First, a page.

City of New York Draft signed by G. N. Bleecker, Co founder of New York Stock Exchange - 1827

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Historic draft from the City of New York issued in 1827. This item has the signatures of the the Mayor of New York, William Paulding Jr. Clerk Jacob Morton and Comptroller, G. N. Bleecker (Garret Noel Bleecker,). It is also endorsed on the back by Garret N. Bleecker. is a name you can TRUST!
Signature on verso
Family is the namesake for Bleecker Street in lower Manhattan. Garret Noel Bleecker (17681841) - a New York Stock Exchange Co Founder, he Buttonwood Agreement, which took place on May 17, 1792, started the New York Stock & Exchange Board now called the New York Stock Exchange. This agreement was signed by 24 stockbrokers outside of 68 Wall Street New York under a buttonwood tree. The organization drafted its constitution on March 8, 1817, and named itself the "New York Stock & Exchange Board". In 1863, this name was shortened to its modern form, the "New York Stock Exchange". One of the 24 brokers who signed the agreement was G. N. Bleecker ... 21 Broad Street.
William Paulding Jr. (March 7, 1770 February 11, 1854) was a United States Representative from New York and the 56th and 58th Mayor of New York City. He was the Adjutant General of New York for two non-consecutive terms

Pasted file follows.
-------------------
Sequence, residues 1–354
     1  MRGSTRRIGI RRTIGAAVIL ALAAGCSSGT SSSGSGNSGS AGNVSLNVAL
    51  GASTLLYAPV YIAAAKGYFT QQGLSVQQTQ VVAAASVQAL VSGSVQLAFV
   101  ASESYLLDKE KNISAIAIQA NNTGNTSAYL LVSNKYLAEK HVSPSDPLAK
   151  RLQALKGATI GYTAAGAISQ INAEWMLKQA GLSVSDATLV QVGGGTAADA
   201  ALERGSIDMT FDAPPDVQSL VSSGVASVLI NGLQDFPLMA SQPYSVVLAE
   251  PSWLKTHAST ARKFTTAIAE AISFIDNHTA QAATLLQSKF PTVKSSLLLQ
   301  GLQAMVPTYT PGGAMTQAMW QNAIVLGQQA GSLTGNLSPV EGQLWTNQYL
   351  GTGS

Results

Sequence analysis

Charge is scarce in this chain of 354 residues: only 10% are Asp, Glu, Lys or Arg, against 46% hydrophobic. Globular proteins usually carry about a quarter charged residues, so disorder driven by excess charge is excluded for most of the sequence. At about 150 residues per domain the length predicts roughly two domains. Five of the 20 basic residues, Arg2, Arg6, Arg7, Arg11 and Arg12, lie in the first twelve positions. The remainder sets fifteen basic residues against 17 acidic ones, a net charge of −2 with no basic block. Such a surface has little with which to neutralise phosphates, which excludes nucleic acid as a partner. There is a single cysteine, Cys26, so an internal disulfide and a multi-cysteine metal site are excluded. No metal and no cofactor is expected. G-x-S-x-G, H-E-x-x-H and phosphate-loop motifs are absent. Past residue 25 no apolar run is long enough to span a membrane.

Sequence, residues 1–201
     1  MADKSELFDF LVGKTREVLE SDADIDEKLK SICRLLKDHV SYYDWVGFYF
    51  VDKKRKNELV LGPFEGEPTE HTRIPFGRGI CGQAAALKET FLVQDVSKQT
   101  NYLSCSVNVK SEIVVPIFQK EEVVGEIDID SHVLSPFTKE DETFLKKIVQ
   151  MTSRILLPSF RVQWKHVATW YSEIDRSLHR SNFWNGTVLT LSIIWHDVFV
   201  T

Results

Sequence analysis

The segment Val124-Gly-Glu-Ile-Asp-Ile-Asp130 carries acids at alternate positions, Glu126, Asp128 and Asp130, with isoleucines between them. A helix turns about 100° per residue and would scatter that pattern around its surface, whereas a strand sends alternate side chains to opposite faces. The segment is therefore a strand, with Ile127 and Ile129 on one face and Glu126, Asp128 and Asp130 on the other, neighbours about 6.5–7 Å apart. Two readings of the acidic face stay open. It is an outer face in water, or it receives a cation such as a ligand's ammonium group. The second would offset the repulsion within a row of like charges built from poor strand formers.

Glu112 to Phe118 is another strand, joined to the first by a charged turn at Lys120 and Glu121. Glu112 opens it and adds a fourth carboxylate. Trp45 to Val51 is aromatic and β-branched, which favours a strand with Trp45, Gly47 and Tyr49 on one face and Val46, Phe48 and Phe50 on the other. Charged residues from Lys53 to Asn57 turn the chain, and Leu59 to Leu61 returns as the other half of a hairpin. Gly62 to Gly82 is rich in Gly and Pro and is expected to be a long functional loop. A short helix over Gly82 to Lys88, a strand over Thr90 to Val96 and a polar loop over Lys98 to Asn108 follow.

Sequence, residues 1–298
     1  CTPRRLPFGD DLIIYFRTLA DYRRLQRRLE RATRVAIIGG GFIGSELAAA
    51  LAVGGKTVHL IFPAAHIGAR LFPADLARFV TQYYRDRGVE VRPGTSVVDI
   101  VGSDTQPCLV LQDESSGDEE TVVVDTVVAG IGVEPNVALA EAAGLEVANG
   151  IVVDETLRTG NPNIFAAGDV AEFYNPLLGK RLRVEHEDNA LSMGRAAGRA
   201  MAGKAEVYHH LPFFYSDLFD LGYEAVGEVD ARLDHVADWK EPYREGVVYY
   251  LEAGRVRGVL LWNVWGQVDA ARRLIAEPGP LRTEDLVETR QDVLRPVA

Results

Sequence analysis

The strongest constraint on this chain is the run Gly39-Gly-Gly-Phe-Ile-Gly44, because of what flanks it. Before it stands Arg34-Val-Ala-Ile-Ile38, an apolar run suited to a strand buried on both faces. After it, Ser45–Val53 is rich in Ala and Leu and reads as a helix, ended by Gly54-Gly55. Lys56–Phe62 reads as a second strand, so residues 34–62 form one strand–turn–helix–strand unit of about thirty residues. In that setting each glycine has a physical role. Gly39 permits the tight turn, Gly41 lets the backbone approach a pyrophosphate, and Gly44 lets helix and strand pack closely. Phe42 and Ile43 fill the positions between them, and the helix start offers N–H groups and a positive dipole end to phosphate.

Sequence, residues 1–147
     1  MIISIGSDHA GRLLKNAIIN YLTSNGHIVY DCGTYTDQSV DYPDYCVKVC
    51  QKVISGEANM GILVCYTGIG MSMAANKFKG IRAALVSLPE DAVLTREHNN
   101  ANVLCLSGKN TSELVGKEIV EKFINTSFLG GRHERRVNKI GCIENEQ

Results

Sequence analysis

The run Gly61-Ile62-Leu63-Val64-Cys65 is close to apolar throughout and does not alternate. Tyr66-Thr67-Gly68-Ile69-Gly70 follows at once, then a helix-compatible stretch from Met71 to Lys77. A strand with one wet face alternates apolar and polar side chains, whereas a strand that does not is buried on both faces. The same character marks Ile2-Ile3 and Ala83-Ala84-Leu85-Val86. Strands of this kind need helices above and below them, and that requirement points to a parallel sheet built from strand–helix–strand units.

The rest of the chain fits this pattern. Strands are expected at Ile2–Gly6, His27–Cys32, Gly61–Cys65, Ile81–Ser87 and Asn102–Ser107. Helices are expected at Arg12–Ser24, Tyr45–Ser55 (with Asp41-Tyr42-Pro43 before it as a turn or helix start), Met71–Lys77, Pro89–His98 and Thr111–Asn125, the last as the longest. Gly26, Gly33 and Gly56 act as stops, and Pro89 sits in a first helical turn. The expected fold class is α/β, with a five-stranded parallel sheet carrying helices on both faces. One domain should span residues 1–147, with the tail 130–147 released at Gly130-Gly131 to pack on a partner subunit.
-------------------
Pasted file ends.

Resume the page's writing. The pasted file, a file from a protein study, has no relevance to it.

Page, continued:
Major-General Jacob Morton (17561837) He studied law at The College of New Jersey, the predecessor of Princeton University. Morton never practiced law. Morton was the marshal for the First inauguration of George Washington. When it was found that no bible was available, Morton retrieved the Lodge Bible from St. John's Lodge where he was the Worshipful Master. Morton served as New York City Comptroller from 1807 to 1808. Morton was also later clerk for the New York City Common Council. Morton was an active Freemason, and was the Grand Master of Grand Lodge of New York from 180104.[1] The Grand Lodge of New York established an award named for Morton known as the Jacob Morton Award, given to Masons or Masonic Organizations that have demonstrated exceptional voluntary service to their community. Morton as promoted to brigadier-general in 1804. The Brigade he commanded was known as "Morton's Brigade of Artillery," which was the precursor for the Seventh Regiment of New York. As Major-General, Morton led the New York Militia during the War of 1812.